What to do when your dog is diagnosed with cancer?

Cancer is the most dreaded word every heard by a human. This single word brings so much pain and is enough to make us helpless, more so for a pet parent. Once cancer is diagnosed in your loveable pet you cannot help imagining the excruciating sessions of chemotherapy, surgeries and even a small glimpse of hope through remission. The worst thing you can ever think about is what to do if you lose the battle with the big C!

The first question you will probable ask your vet is Why? You may have given the right food and exercise to your pet. Yet, your poor pet succumbs to cancer. The fact is that there is no particular reason that leads to the probability of cancer. Anyone can get it. Some cancers are breed specific and in other cases are closely linked to specific genes or presence of toxins. So, in plain terms we can say that luck plays a major role in determining whether or not your pet gets afflicted with cancer.

Signs of cancer in dogs         

The first signs of cancer can be easily noticed at home itself. Symptoms like decreased mobility, lethargy, changes in appetite, sudden collapse or inability to urinate can be indicative of cancer.

A proper diagnosis of cancer can only be seen after further testing that is usually done when you take them for a check-up. They will usually do a biopsy, ultrasound or a cytology to get a clear-cut picture of the disease.

Treating cancer in dogs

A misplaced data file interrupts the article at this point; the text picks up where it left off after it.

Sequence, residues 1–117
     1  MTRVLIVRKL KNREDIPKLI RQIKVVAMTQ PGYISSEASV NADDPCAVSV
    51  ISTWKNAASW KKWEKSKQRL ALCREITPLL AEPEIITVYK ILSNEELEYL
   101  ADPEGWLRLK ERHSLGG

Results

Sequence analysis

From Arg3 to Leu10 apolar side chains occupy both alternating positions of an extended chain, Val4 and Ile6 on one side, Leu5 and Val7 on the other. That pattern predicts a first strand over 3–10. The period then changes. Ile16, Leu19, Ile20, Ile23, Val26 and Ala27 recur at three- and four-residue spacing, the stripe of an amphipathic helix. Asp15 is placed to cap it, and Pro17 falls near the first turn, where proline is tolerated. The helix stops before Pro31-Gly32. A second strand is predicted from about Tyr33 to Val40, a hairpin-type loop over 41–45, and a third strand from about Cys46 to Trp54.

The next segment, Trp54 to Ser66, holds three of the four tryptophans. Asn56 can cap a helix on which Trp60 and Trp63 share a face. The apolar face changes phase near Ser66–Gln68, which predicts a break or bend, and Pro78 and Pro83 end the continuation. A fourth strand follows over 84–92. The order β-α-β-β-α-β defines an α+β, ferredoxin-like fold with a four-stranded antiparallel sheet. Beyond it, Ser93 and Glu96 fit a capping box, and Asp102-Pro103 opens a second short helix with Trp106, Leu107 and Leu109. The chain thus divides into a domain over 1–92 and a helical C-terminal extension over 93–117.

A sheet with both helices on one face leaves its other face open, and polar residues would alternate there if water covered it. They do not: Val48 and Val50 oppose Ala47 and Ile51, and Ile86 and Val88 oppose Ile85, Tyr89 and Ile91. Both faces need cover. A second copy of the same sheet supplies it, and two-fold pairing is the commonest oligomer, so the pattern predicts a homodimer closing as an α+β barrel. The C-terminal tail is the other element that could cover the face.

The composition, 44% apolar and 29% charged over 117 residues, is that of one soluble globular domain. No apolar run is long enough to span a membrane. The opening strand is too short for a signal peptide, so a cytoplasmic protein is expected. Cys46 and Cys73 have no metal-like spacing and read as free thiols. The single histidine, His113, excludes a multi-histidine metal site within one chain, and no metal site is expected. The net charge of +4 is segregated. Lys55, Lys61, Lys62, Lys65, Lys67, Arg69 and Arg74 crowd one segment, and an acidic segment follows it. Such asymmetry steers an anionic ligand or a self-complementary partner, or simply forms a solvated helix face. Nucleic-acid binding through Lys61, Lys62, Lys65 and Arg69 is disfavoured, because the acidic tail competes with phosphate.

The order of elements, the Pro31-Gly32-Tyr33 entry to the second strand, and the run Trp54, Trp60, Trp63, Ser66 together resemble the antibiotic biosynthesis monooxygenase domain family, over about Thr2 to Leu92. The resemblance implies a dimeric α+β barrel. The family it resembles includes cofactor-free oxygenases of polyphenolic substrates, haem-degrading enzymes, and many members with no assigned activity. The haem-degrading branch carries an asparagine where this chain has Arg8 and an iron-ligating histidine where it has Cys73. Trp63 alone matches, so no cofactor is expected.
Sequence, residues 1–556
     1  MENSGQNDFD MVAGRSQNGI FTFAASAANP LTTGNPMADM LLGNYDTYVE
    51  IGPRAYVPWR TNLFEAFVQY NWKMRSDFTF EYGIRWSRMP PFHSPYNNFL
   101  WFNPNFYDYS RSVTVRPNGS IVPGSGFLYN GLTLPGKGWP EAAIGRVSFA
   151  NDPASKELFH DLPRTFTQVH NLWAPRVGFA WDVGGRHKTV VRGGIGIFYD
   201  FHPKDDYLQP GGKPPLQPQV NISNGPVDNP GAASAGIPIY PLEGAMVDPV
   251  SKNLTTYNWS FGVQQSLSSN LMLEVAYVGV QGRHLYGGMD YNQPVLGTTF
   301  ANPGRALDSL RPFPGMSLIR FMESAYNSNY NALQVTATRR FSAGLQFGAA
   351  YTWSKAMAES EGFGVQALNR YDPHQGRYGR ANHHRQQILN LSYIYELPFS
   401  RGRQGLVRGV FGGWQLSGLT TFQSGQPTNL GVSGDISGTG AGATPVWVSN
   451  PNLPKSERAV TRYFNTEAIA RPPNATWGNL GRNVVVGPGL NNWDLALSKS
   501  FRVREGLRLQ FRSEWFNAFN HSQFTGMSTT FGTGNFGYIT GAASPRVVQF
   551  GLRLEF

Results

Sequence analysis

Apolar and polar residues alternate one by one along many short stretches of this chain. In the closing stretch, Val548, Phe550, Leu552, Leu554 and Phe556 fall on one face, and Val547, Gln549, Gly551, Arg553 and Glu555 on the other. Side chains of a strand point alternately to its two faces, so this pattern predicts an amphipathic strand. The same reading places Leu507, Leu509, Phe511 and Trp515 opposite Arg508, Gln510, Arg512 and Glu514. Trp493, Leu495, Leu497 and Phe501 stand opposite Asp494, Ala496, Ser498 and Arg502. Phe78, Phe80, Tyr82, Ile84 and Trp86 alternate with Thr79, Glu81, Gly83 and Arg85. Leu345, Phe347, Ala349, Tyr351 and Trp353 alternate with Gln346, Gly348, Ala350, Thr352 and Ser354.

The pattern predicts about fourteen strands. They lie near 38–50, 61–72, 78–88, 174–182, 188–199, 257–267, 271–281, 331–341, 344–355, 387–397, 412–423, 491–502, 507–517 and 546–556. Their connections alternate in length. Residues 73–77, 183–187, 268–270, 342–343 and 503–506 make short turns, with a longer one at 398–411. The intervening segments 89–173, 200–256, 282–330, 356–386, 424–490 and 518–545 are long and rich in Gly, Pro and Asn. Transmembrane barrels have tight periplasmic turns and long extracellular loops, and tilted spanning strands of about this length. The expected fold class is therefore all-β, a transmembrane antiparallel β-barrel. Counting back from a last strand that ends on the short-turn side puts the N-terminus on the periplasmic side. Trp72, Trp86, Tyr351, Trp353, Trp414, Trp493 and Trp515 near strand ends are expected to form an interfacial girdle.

The recommended treatment for dogs with cancer is chemotherapy, radiation and surgery that is done individually or in combination, depending on the type and its severity. A surgery is usually performed to remove as much of the cancer as possible and is usually done before or after chemotherapy or radiation therapy.

Chemotherapy is a broad term for drugs that are used to treat the disease. It can be administered orally, intravenously, topically, intramuscularly, directly to the tumour or into the body cavity.

Dogs do not suffer much from the side effects of chemotherapy. Some dogs do not lose their fur during the chemo sessions. Yet, some breeds with fast growing haircoats like the Poodles and the Old English Sheepdogs may experience thinning of their fur. Your dog may also suffer form temporary diarrhea, vomiting or a loss of appetite.

Diet for dogs with cancer

One thing that a concerned pet parent should realise is that commercial dog food is not an ideal meal for your pet. Your dog will definitely benefit from a whole food diet. Did you know that commercial dog food contains ‘feed grade’ products that are easily fed to animals but is unsuitable for human consumption. So, an ideal food diet for your pet must have whole and human grade foods.

Human grade foods contain substances that are not carcinogenic. So, feeding your pet with fresh fruits, vegetables, meat and natural fats go a long way in ensuring your pet stays strong and fights the disease.

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